Donovan Addresses Housing Crisis

U.S. Secretary of HUD discusses neighborhood reform

U.S. Secretary of Housing and Urban Development Shaun L.S. Donovan ’87 discussed the need to put housing development initiatives in the context of broader public concerns such as education and energy efficiency in a speech at the Graduate School of Design last night.

Donovan, who served as Commissioner of the New York City Department of Housing Preservation and Development beginning in 2004, was appointed by President Barack Obama to lead HUD through a severe housing crisis that has contributed to the worst economic slowdown since the Great Depression.

“Millions of foreclosures have sent America’s economy into a tailspin,” Donovan said at the speech. “The nature of this crisis has revealed the need for a new direction.”

As the featured speaker at the 10th Annual John T. Dunlop Lecture, Donovan presented a sampling of the Obama administration’s plans for new housing initiatives to a crowd packed with hundreds of students, professors, and other attendees. One such proposal, the Choice Neighborhoods Initiative, aims to link neighborhood transformation with school reform and calls for increased federal housing spending during the 2010 fiscal year.

“The correlation between [housing and education] is not just theory—it’s practice,” Donovan said. “It’s time to bring that practice to scale at the neighborhood level.”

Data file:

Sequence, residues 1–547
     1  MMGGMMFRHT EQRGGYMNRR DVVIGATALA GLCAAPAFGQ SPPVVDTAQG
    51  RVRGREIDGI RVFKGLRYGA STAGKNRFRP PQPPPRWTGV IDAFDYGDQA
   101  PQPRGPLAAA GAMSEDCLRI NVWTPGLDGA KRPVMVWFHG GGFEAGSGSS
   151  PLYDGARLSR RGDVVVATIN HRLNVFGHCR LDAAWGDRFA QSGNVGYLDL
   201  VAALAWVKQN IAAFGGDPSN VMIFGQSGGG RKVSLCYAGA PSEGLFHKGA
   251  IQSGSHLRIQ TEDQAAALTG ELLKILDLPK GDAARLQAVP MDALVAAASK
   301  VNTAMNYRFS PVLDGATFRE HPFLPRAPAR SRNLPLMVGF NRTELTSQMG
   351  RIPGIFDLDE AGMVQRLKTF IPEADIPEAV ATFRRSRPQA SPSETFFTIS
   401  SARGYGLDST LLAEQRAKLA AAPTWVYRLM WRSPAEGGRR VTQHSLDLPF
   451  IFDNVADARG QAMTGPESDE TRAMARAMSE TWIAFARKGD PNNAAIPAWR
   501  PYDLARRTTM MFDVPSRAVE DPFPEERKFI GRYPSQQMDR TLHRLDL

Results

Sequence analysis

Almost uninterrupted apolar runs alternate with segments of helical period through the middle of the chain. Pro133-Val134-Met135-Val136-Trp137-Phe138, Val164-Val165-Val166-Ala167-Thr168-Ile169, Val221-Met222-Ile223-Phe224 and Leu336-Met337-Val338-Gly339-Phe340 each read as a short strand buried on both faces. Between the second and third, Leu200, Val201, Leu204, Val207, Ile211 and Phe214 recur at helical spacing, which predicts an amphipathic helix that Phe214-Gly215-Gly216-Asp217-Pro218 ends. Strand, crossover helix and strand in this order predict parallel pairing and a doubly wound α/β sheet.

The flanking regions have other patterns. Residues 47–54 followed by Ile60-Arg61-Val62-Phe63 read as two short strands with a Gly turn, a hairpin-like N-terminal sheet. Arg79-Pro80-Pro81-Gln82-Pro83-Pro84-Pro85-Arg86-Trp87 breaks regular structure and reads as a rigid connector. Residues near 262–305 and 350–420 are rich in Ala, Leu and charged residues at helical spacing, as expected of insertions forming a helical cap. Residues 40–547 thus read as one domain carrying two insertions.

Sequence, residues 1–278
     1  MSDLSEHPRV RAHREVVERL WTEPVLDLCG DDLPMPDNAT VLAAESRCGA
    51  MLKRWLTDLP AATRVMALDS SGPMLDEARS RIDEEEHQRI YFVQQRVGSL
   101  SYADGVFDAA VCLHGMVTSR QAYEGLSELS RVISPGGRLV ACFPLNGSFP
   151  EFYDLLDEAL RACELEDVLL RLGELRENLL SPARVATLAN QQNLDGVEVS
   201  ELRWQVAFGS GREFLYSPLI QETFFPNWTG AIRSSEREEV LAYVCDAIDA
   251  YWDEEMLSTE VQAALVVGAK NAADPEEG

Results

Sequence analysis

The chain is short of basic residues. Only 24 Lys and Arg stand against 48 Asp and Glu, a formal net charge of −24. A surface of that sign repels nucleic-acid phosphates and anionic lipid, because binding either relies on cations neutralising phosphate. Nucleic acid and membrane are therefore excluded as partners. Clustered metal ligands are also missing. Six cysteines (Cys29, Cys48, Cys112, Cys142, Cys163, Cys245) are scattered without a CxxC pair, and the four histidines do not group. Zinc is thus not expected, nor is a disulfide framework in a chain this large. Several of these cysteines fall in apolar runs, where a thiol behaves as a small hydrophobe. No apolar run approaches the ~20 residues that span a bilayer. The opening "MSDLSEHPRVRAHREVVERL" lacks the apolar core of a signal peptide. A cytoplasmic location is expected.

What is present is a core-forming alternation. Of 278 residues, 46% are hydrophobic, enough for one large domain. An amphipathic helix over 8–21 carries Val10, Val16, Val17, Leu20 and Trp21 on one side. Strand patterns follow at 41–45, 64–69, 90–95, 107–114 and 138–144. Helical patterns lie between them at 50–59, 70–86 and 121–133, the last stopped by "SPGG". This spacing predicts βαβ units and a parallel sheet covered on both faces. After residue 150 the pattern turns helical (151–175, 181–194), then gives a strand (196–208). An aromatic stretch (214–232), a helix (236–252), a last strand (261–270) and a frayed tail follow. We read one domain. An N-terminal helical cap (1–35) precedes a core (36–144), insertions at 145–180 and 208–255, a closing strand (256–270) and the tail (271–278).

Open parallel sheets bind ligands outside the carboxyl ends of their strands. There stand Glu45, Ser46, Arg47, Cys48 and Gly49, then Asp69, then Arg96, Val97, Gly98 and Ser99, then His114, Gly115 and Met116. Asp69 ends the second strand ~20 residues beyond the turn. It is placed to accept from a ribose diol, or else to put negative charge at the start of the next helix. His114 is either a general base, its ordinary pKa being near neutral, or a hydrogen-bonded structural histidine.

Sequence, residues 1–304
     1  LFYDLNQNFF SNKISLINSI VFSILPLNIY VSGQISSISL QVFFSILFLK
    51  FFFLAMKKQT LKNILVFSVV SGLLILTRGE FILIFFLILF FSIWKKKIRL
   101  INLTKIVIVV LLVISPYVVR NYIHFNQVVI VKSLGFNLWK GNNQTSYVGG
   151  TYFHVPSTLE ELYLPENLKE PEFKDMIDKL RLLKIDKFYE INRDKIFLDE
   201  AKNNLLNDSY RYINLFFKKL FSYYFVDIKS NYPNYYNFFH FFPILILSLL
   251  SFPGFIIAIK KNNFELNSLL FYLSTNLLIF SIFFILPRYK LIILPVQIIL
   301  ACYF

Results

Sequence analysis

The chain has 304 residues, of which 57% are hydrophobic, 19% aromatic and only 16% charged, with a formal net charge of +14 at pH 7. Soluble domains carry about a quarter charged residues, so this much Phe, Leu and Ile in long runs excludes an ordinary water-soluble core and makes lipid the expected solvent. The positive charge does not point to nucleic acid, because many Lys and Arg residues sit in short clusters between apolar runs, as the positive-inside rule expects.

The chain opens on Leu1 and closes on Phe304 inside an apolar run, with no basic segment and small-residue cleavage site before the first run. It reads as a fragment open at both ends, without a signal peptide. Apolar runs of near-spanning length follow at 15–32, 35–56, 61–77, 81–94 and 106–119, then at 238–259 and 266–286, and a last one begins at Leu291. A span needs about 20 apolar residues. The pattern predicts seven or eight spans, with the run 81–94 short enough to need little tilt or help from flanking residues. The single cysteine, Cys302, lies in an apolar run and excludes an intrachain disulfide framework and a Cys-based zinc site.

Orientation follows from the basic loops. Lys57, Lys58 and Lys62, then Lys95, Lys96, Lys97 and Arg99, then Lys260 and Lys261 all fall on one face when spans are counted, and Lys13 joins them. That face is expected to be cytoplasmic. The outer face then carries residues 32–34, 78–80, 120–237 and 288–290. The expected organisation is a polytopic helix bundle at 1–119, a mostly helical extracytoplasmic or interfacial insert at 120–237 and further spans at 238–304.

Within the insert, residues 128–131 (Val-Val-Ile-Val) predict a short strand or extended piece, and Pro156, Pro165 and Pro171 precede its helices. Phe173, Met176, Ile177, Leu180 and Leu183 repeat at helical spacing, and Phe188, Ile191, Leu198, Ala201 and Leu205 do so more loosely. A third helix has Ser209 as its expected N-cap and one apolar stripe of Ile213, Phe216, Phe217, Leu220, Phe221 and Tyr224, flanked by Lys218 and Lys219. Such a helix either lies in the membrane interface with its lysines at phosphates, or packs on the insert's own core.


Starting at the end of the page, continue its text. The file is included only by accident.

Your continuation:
In his speech, Donovan also emphasized the intersection of housing policy with other concerns, like transportation. He cited the dilemma of attempting to reduce carbon emissions while supporting urban growth as one such problem that would benefit from a broader policy analysis.

Audience members expressed support for Donovan’s approach to housing policy in a question-and-answer session following the speech. The audience also gave Donovan standing ovations both before and after his lecture.

“The secretary is sort of the fresh face of HUD,” said Ivan Levi, a second-year student at the Graduate School of Design seeking a master’s degree in urban planning. “To have him at the helm of that agency bodes well for the future of that agency and hopefully for this country.”

Donovan, who also earned graduate degrees in public administration and architecture from Harvard, said that his time in Cambridge helped him understand the connections between housing and other policy concerns.

“It was the bridge between the policy and design that enabled me to see the greater picture,” Donovan said.